The announcement is the result of months of agonizing over how Lithuania can balance its goals of integration with the West against the present reality of dependence on supplies from the East.
The terms of this first tender, approved by the government on Nov. 14, exclude participation by Russian natural gas suppliers such as Gazprom and Itera and their local partners. They also bar members of any consortium that buys the strategic stake from participating in a later tender for suppliers.
Such safeguards should, say privatization officials, prevent Gazprom and Itera gaining the kind of commanding position they recently gained on the board of Latvia's gas utility Latvijas Gaze.
The government hopes to complete the sale of the first stake by June and then to sell another 34 percent stake to a gas supplier.
On the advice of the World Bank the government will sign a special agreement with the strategic investor governing key management decisions and future share-ownership changes.
"The terms and criteria set out in the Lietuvos Dujos privatization program seek to ensure that the strategic investor will be a reliable Western company with sufficient experience in the gas business," the government said in a statement.
The strategic investor must originate from a country in the European Union, NATO, the Organization for Economic Cooperation and Development, or from an EU associate country and have at least 10 years experience in the sale and distribution of natural gas.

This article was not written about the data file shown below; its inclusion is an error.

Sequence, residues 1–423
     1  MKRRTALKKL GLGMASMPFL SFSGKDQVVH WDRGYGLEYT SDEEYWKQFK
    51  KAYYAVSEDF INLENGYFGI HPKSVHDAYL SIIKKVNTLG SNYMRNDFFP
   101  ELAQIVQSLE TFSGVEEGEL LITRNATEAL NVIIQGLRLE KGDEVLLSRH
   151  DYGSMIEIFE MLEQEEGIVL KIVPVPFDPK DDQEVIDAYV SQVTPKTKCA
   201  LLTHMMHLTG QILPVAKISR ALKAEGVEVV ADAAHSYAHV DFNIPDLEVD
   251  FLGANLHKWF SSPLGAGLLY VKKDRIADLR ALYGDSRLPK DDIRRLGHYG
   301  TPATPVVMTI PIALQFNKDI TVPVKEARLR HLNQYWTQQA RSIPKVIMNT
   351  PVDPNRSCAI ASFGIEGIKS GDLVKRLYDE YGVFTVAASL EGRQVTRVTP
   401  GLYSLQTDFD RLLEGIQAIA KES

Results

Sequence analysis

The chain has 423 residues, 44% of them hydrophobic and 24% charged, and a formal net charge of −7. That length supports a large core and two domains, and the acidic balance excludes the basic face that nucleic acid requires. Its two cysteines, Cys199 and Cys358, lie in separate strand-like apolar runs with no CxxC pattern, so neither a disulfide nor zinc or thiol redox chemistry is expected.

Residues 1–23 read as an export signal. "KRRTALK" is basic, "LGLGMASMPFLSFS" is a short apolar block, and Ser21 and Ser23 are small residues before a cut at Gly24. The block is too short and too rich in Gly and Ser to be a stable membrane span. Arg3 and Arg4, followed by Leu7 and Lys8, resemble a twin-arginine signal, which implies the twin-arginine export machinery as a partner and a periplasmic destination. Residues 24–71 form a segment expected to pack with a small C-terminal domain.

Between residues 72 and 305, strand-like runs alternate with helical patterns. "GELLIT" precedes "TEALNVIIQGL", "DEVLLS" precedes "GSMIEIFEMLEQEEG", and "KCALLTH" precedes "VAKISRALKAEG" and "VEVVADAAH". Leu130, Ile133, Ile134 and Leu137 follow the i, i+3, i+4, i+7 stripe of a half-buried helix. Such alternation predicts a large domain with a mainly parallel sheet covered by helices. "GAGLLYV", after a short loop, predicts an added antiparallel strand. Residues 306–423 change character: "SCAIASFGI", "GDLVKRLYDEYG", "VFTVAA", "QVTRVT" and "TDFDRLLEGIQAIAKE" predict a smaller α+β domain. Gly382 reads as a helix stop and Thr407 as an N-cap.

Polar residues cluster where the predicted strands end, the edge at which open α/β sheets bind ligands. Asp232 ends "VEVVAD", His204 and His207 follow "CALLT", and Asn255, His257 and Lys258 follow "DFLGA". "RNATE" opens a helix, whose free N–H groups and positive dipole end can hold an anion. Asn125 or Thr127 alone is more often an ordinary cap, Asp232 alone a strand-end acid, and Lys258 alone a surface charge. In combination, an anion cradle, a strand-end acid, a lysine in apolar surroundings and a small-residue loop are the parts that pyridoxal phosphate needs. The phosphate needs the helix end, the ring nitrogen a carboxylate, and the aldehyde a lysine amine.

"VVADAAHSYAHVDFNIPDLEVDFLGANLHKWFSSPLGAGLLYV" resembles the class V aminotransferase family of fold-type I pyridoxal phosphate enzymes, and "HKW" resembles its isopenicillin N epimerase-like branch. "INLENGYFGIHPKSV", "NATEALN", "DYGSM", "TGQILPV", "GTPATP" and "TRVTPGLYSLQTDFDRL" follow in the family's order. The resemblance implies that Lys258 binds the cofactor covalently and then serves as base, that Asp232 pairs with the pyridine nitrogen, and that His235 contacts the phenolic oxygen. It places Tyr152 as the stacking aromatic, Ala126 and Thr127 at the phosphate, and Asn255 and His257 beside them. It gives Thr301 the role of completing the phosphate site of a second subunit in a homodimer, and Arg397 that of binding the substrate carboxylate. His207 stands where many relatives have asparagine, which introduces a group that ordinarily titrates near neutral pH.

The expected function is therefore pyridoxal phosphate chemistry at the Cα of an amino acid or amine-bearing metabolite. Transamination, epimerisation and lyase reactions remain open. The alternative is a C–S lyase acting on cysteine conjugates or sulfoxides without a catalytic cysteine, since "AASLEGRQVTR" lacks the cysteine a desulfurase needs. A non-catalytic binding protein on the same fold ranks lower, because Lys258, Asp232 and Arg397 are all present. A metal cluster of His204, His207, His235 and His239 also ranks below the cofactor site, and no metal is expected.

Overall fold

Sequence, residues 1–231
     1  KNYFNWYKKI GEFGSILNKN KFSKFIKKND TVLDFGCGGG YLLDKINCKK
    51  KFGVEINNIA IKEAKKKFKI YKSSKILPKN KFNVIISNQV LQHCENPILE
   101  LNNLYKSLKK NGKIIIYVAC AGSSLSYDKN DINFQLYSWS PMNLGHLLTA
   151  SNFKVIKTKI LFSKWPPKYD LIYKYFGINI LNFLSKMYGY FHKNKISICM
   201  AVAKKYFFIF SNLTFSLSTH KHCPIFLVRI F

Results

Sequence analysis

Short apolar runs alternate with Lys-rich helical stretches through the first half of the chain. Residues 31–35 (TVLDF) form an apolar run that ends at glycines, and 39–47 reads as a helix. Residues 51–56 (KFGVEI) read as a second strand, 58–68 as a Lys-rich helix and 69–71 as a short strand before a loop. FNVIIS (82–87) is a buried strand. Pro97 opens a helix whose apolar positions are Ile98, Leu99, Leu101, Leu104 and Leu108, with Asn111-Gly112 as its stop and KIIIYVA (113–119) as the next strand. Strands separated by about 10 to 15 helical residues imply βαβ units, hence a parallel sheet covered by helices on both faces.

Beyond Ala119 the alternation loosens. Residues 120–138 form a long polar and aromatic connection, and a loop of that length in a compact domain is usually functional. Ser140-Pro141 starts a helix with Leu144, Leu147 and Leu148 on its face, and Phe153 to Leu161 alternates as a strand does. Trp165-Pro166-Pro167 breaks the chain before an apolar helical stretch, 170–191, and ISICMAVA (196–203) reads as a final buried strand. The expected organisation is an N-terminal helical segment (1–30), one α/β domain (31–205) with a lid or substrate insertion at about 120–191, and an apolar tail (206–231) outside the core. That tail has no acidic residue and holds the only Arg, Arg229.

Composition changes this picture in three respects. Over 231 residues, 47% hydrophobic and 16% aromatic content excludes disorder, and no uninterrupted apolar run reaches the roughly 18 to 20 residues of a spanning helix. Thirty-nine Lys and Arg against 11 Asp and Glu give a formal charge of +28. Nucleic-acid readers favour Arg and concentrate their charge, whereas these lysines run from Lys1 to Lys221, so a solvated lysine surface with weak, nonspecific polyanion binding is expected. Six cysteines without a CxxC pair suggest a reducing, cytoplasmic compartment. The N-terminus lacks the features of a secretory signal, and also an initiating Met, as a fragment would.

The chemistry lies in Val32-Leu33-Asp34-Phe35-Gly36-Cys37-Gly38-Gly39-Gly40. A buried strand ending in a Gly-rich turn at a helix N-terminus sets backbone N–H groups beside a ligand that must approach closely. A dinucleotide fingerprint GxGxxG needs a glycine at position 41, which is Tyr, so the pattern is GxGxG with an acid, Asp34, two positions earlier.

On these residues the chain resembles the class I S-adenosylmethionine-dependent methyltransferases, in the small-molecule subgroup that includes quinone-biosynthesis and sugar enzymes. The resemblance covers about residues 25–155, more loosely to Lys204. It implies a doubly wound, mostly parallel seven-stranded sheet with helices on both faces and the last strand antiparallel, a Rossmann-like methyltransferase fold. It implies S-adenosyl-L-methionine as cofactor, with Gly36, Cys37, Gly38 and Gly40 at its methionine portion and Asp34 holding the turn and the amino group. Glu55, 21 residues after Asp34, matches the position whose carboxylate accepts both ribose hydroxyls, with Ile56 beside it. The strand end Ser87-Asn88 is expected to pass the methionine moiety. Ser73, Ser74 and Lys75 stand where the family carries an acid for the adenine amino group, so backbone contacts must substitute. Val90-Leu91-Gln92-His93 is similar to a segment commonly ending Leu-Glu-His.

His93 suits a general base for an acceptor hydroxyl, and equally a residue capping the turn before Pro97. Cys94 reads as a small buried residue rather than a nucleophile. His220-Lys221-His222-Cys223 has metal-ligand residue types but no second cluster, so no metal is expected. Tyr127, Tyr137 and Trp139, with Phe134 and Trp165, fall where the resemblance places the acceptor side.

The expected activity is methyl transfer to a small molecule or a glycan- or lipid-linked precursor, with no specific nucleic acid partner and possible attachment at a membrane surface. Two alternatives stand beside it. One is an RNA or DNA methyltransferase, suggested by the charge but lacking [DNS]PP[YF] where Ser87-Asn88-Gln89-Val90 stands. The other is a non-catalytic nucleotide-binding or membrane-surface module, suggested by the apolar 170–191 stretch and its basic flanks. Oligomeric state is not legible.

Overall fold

Potential investors must submit expressions of interest in the strategic stake by Dec. 19. Final bids are due Apr. 2.
Investors must commit themselves to supporting economically viable projects which would either link Lithuania to the EU's gas distribution networks or would increase the capacity of the country's gas transit pipelines.
"Based on our earlier contacts with potential investors, I think the terms we have approved will be acceptable to them," Economy Minister Petras Cesna told The Baltic Times.
Germany's Ruhrgas is widely considered the front runner to win the tender for the strategic stake, partly due to its existing investments in the Latvian and Estonian gas utilities. Ruhrgas has said it intends to bid in a consortium with E.ON, another German energy firm.
France's Gas de France has also said it plans to bid for the strategic stake.
The newspaper Lietuvos Rytas reported on Nov. 16 that Lithuanian fertilizer maker Achema was seeking to buy some of the Lietuvos Dujos shares by forming a consortium with either the French group or an unnamed Polish partner. The paper questioned whether Achema could be considered a supplier of natural gas due to some of its secondary operations. Achema is the largest consumer of natural gas in Lithuania.
Lietuvos Dujos has an authorized capital of 341 million litas ($85.25 million). The nominal value of the 34 percent strategic stake is 116 million litas.
The utility reported an unaudited net profit of 3 million litas, for the first nine months of this year, on turnover of 304 million litas.
During the same period it imported 1.82 billion cubic meters of natural gas from Russia, of which 540 million cubic meters were sold to Lithuanian consumers and 1.26 billion cubic meters were for transit.